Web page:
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A simple, factual timeline of Hurricane Dorian and #Sharpiegate

I try not to get involved in the day-to-day madness that has engulfed the United States’ government in the last three years on this blog. The mission is science, and that is as true now as it ever has been. But when people *ahem* start altering weather maps and passing them off as real, which is a felony, as a hurricane climatologist, I take that personally. So here is a really simple timeline with a few really simple maps to straighten this all out. Here is a time-lapsed map showing Dorian as it moved toward and then away from Florida. … Continue reading A simple, factual timeline of Hurricane Dorian and #Sharpiegate

Viewing Florida’s Racial Geographies

If you haven’t heard of racial dot map projects, you’re missing out. A few years ago, Brandon Martin-Higgins at the MIT Media Lab, along with a friend who created social media dot maps (Eric Fischer), came up with the idea to show a selection of major American cities with a colored dot showing symbolizing every single person (based on US census blocks). The dot was colored based on the self-reported racial statistics by the 2010 census. The map illustrated how racially segregated America’s major cities remain, despite decades of “progress” in the many areas that created those invisible boundaries to … Continue reading Viewing Florida’s Racial Geographies

I’m taking Hurricane Michael with me to San Diego

When you’re on the eve of the most public presentation you’ve ever made, to a crowd of colleagues and experts well-versed in your trade, having not made any real, public presentations in some time, you start to get nervous. I … Continue reading I’m taking Hurricane Michael with me to San Diego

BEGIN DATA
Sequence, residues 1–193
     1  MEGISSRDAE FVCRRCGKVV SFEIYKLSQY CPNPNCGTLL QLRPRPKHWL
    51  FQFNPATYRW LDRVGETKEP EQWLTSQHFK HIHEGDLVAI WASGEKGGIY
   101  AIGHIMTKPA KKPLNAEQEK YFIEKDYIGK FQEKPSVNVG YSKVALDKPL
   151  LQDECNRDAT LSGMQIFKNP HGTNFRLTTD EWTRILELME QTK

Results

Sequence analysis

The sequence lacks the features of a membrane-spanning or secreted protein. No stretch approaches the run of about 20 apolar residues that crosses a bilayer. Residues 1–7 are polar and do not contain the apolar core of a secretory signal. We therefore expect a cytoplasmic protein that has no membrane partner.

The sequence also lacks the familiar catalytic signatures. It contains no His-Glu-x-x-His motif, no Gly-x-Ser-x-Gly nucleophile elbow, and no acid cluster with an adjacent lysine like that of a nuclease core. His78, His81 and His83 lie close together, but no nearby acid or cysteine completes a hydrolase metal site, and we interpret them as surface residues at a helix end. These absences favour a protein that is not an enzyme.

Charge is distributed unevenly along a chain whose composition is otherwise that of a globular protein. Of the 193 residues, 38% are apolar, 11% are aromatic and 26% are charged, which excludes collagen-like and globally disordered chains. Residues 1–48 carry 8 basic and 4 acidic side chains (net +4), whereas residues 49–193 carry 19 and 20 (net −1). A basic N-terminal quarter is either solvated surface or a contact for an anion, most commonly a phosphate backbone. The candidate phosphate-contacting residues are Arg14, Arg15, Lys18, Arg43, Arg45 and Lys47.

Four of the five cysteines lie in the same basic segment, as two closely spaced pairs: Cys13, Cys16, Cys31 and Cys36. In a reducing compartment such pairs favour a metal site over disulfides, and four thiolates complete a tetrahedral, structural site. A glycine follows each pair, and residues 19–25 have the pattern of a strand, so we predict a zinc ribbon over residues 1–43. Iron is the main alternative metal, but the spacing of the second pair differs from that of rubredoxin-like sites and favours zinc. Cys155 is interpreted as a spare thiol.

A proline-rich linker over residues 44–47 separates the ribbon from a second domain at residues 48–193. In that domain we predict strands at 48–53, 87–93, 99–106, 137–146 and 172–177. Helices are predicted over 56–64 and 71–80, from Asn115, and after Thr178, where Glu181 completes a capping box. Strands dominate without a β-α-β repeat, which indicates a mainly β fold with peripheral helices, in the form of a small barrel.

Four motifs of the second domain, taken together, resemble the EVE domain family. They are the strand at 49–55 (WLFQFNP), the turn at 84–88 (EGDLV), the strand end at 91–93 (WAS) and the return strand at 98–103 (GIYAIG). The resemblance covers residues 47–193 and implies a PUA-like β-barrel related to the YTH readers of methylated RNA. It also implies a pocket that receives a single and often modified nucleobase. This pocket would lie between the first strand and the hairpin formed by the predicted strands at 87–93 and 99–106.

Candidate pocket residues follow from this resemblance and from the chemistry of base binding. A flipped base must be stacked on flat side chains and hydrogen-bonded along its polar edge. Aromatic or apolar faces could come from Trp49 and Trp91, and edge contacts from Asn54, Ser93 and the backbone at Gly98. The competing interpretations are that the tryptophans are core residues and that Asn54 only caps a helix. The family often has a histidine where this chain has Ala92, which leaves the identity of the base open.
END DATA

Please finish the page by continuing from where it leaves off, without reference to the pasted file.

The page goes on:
Isle de Jean Charles Speaks at Public Hearing on Relocation

The IdJC once claimed a territory of more than 22,000 acres. Years of oil and gas development, hurricanes, and climate change have reduced the island to a mere 325 acres today. The tribe lived mostly in isolation from the early 1700’s through the 1940s-1950s when the oil boom devastated their area. If anyone in the United States could be said the have the smallest contribution to climate change, it’s the people who lived on that island. Continue reading Isle de Jean Charles Speaks at Public Hearing on Relocation

The Magic Trick of the Century!

You almost won’t believe it until you’ve watched it several times. In the last century, the area around Terrebonne Bay, Louisiana (often referred to as Interior Lafourche), has flipped from being 90% land (1916) to 90% water (2016). This video shows how quickly and dramatically the landscape of south Louisiana changed to accommodate the oil, gas, and sulphur mining operations that fragmented large areas of marsh, and triggered and exacerbated subsequent land loss in the decades following. The communities who lived in the area migrated northward as the seas and surge ate away at the marsh. Today, all but a few close-knit communities and a handful of Native American tribes have abandoned the once prosperous marsh lands in search of safety and security farther from shore. For them, it’s a century-long trick with no magic. Continue reading The Magic Trick of the Century!